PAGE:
I love this. I think sometimes we feel that an entry into our journals needs to reveal some profound truth, or be really deep. But it is the normal moments of each day that make up our lives.

Choose something that stood out to you today, for whatever reason. It might be as simple as sitting in the sun with a cup of coffee, laughing with a colleague, or taking a hot shower after a long day.

It doesn’t matter what it is, as long as it warm, near or strong – to you.

It can be harder to follow this advice if you are writing first thing in the morning, in which case you are usually starting fresh, without the events of the day to guide you. You could recall the events of the previous day, or you could start where you are.

In A Voice of Her Own, Marlene A. Schiwy suggests using a basic Gestalt exercise to begin: write for ten minutes on each of the following starters:

‘I feel… I need… I want’.

It might not seem like much but these simple starters can open up to much deeper ideas.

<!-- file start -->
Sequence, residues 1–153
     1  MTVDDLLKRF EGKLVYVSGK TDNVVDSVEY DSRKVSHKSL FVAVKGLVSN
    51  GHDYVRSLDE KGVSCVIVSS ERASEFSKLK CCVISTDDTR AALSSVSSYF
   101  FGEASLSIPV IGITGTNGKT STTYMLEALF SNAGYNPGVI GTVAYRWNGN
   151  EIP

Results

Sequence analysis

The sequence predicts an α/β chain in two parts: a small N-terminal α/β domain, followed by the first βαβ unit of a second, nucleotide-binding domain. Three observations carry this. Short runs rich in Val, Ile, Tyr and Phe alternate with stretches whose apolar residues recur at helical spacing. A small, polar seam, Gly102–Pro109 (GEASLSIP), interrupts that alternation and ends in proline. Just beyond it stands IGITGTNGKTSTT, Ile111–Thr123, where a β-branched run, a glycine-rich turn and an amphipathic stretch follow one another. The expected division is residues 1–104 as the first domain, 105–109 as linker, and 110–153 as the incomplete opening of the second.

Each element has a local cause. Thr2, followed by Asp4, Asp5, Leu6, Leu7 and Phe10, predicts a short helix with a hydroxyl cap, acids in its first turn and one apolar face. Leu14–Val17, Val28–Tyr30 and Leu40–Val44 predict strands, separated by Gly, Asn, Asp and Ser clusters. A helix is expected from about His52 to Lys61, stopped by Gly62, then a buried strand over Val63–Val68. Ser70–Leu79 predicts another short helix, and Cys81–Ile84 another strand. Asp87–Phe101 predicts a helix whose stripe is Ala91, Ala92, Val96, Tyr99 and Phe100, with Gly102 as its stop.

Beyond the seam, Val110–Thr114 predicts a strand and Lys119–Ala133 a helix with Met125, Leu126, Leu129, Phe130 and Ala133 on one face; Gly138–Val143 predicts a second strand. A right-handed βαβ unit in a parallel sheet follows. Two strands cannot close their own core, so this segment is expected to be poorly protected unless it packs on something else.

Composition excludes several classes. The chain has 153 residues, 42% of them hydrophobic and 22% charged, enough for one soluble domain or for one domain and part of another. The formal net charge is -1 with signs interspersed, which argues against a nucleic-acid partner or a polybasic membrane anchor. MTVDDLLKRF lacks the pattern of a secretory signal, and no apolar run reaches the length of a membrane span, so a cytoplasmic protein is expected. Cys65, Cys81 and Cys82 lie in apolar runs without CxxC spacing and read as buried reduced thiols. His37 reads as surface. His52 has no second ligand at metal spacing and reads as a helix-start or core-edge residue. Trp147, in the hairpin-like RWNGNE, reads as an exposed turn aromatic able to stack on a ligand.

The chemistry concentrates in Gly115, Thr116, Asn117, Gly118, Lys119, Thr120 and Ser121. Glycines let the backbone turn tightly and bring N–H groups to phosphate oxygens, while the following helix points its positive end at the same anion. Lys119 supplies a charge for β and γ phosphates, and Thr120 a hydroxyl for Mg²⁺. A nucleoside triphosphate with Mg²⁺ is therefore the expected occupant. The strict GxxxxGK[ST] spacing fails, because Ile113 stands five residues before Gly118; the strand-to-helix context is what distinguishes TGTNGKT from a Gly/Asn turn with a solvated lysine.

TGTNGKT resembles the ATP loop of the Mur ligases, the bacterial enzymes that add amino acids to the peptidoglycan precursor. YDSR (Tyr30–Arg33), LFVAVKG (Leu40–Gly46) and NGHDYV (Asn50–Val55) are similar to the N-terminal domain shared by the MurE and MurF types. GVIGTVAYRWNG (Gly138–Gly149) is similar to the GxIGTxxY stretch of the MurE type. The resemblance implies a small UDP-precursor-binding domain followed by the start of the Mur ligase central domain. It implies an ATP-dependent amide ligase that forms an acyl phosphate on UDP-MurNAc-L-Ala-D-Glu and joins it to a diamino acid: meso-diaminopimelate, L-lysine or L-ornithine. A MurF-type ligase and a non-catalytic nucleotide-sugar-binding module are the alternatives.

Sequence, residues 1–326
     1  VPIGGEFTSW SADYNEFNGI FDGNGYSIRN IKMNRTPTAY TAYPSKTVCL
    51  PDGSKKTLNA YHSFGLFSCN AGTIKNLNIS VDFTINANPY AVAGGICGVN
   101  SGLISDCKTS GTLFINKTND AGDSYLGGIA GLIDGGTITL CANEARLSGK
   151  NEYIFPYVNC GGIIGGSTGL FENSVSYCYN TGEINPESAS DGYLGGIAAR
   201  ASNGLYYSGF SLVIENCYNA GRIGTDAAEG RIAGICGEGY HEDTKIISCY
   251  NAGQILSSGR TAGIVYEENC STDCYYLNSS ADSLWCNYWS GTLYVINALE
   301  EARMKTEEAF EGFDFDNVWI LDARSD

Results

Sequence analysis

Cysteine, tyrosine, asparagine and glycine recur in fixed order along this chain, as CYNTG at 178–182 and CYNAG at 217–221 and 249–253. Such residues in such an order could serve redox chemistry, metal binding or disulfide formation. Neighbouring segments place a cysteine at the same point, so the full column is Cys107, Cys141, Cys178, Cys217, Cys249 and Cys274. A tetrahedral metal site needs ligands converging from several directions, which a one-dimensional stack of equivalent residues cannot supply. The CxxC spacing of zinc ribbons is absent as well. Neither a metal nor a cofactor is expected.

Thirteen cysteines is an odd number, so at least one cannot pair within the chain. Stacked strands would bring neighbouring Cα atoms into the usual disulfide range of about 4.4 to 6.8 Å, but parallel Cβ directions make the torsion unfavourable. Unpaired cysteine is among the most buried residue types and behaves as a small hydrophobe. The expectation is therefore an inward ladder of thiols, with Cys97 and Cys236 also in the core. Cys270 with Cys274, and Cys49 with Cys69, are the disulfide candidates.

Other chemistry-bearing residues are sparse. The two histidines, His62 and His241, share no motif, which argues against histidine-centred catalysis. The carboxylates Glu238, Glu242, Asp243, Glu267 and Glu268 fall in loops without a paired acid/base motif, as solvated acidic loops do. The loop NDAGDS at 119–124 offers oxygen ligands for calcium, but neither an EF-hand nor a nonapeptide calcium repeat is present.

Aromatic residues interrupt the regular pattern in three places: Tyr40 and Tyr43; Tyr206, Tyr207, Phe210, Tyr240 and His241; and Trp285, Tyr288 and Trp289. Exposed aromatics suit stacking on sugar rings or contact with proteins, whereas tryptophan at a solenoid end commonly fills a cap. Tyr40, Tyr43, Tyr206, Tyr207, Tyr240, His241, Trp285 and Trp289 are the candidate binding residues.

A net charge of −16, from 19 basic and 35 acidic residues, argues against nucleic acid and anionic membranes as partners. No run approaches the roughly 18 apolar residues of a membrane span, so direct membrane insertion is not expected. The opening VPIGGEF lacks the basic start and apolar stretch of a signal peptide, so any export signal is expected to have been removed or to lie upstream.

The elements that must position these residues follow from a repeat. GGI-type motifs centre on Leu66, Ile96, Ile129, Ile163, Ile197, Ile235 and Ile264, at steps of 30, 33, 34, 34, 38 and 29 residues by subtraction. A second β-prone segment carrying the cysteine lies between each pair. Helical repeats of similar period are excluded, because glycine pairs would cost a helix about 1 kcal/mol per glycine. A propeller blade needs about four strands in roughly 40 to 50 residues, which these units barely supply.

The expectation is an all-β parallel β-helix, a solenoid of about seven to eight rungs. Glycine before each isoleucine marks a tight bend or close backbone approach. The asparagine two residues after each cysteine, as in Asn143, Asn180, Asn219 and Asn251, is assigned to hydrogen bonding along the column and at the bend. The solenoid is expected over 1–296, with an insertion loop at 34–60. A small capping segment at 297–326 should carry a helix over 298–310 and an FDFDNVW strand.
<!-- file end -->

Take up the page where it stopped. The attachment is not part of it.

If you are using this first thing in the morning, you could use these prompts to guide you for the day ahead – how you feel in the morning, and how you’d like to feel later in the day. What you need to do that day to feel fulfilled or satisfied (avoid using this as a chance to make another to-do list: most of us do that enough!). You could list what you want from the day to come.

In either case, the idea of starting with today, or right now, is the best way to begin.

You don’t always have to know what you will say when you journal – you just have to start where you are and let the words find you.

Creativity

The importance of not creating

 

Lately I’ve been in a creative funk.

I’m not sure why.

People have suggested the full blood moon and lunar eclipse has brought some strange energy.

Whatever it is, I’ve been feeling extremely tired and sleeping a lot more than usual. And I already sleep a lot as it is.

This has left little time or energy for me to create or feel inspired. I’ve found myself wanting to watch TV shows, movies, read, but mostly just sleep.

Usually I find a way to get some creating into each day even if I feel tired – it might be simply just writing in my journal and playing with some stamps, or scraping a bit on paint across a page.

I always feel better for creating.

But these past few days I haven’t been able to bring myself to do that. I haven’t blogged – I missed my usual artjournal Wednesday post – and I haven’t done any painting, collage or anything else. I haven’t even really written in my journal all that much (which means I have some catching up to do for NaJoWriMo!).